Criminal

  • HB 1892 Abduction of a minor; penalty changed from Class 2 to Class 5, but does not change penalties for child abduction by a parent.
  • HB 2398 Sexual extortion; penalties. Adds sexual extortion, defined in the bill as when an accused maliciously disseminates or sells, or threatens to maliciously disseminate or sell, a videographic or still image created by any means whatsoever that depicts the complaining witness or such complaining witness's family or household member who is totally nude, or in a state of undress so as to expose the genitals, pubic area, buttocks, or female breast, to the list of actions that, when used to accomplish certain acts against the will of another person, constitute rape, forcible sodomy, object sexual penetration, aggravated sexual battery, or sexual battery. (Cross-reference: Sexual Assault)

Attorneys

  • SB 817 Attorney fees; written notice of lien requirements, validity and amount determinations. Provides that written notice of a lien for attorney fees shall be given either within 45 days of the end of representation or (i) in causes of action sounding in tort or for liquidated or unliquidated damages on contract, before settlement or adjustment or (ii) in cases of annulment or divorce, before final judgment is entered, whichever is earlier 

Sexual Abuse/Assault

  • HB 2398 Sexual extortion; penalties. Adds sexual extortion, defined in the bill as when an accused maliciously disseminates or sells, or threatens to maliciously disseminate or sell, a videographic or still image created by any means whatsoever that depicts the complaining witness or such complaining witness's family or household member who is totally nude, or in a state of undress so as to expose the genitals, pubic area, buttocks, or female breast, to the list of actions that, when used to accomplish certain acts against the will of another person, constitute rape, forcible sodomy, object sexual penetration, aggravated sexual battery, or sexual battery. (Cross-reference: Criminal)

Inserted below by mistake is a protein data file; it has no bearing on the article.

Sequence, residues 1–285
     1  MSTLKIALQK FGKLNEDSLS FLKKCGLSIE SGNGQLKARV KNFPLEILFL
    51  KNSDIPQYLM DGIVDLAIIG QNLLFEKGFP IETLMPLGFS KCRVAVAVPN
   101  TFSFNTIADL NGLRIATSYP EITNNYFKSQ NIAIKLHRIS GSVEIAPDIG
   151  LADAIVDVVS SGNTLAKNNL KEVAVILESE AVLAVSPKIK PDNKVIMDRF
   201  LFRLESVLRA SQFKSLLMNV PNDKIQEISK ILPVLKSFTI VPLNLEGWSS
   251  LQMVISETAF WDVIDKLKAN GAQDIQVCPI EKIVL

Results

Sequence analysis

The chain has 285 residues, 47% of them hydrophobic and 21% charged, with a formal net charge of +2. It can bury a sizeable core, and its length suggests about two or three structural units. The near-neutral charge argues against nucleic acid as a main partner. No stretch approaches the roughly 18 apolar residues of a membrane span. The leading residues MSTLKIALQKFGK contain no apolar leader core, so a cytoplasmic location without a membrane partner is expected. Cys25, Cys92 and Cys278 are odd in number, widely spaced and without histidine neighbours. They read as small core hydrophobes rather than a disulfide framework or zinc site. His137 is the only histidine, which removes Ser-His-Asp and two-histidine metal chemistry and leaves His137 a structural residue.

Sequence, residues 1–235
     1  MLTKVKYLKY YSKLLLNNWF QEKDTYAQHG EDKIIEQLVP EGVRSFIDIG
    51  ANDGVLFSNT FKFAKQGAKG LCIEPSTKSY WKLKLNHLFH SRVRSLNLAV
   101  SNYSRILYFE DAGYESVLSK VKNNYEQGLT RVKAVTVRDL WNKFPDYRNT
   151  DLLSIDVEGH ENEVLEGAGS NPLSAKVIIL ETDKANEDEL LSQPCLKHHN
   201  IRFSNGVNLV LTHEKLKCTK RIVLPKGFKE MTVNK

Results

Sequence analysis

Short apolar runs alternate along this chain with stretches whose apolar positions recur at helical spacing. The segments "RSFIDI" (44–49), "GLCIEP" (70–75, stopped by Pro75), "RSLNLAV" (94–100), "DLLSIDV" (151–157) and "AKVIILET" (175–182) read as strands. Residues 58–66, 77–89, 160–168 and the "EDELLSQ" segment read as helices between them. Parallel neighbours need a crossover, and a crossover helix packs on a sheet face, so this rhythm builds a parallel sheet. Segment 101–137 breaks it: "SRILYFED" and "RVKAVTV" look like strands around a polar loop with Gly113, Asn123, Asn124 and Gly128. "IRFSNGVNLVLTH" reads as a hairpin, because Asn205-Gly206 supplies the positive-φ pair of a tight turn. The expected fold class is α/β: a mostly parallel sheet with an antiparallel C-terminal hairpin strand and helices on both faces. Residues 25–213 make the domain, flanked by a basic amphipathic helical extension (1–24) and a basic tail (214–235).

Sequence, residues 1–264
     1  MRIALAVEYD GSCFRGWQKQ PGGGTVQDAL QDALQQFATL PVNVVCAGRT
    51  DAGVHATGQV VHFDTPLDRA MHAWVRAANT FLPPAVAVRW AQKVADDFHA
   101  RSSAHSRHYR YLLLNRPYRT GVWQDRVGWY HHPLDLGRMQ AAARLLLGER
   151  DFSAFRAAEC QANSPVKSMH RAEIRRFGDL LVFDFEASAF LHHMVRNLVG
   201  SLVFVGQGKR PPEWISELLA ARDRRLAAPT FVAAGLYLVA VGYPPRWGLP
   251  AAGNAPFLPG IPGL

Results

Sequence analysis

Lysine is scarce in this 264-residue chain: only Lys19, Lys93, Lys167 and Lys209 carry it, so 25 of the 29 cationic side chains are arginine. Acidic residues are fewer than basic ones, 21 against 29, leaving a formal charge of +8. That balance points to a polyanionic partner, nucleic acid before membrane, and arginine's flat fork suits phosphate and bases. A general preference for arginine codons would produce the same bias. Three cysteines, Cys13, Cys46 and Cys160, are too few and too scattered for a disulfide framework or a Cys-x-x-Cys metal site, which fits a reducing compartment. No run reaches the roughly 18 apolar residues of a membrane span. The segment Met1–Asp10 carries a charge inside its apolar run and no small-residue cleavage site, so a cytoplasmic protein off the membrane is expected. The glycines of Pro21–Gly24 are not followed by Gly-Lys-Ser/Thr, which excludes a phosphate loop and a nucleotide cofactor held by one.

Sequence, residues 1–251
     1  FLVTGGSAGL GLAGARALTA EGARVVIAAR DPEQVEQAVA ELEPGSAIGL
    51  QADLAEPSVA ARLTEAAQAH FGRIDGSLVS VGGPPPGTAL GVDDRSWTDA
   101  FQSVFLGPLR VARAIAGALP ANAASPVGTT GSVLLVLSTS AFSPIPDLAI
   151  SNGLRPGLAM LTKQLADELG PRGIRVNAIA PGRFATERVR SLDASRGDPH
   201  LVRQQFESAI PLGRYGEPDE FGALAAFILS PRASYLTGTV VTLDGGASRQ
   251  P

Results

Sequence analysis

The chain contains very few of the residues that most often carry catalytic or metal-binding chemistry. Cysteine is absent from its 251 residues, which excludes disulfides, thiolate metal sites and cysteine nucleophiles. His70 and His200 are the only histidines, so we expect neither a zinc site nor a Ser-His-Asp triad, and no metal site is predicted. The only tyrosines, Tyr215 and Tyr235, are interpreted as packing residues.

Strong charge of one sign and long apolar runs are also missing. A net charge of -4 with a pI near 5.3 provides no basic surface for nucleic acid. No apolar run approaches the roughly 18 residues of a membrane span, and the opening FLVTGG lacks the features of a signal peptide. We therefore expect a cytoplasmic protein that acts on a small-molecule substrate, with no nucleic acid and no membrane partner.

Taxes

  • SJ 231 Const. amendment; prop. tax exemption for surviving spouses of soldiers who died in line of duty. (Cross-reference - Military)

PASSED BOTH HOUSES: 

Marriage

Divorce

 Judges

  • HB 2024 Judges and magistrates; harassing or coercing, doxxing, protecting personal information. Prohibits the state from publishing on the Internet the personal information of any active or retired federal or Virginia justice, judge, or magistrate. The bill adds active or retired federal or Virginia justices, judges, and magistrates to the list of people for which an enhanced punishment applies for the crime of using such person's identity with the intent to coerce, intimidate, or harass. The bill also adds active and retired magistrates to the list of people who may furnish a post office box address to be included in lieu of their street addresses on the lists of registered voters- Governor's recommendation

Custody/Parenting Time

Child Support

Domestic Violence/Protective Orders/Harassment/Stalking

Education

Child Abuse/Neglect/CHINS/Foster Care/Child Safety

  • SJ 241 Child dependency case; Office of the Children's Ombudsman continuing to stud legal representation- Directs the Office of the Children's Ombudsman to continue its work group considering issues relating to the Commonwealth's model of court-appointed legal counsel in child dependency cases.

Mental Health

Military Families

Elder Law/Wills/Trusts/Probate

Sexual Abuse/Assault

Adoption

Health

Abortion/Reproductive Technology

Criminal

Taxes

Attorneys

DEAD (BY VARIOUS METHODS AND EUPHEMISMS):

Marriage

  • HJ 553 Constitutional amendment; marriage between two individuals. Affirmative right to marry. Repeals the constitutional provision defining marriage as only a union between one man and one woman as well as the related provisions that are no longer valid as a result of the United States Supreme Court decision in Obergefell v. Hodges, 576 U.S. 644 (2015). The amendment provides that the right to marry is a fundamental right inherent in the liberty of persons and requires the Commonwealth and its political subdivisions and agents to issue marriage licenses between two individuals, recognize marriages between two individuals, and treat all marriages between two individuals equally under the law, regardless of the sex or gender of the parties to the marriage. The amendment provides that religious organizations and clergy acting in their religious capacity have the right to refuse to perform any marriage.(Cross-references - LGBT, Constitutional)
  • SB 1096 Marriage; lawful regardless of sex of parties-A marriage between two parties is lawful regardless of the sex of such parties, provided that such marriage is not otherwise prohibited by the laws of the Commonwealth.

Divorce

  • HB 1720 Divorce; cruelty, reasonable apprehension of bodily hurt, or willful desertion or abandonment- Eliminates the one-year waiting period for being decreed a divorce on the grounds of cruelty, reasonable apprehension of bodily hurt, or willful desertion or abandonment by either party. 

Adoption

Custody/Parenting Time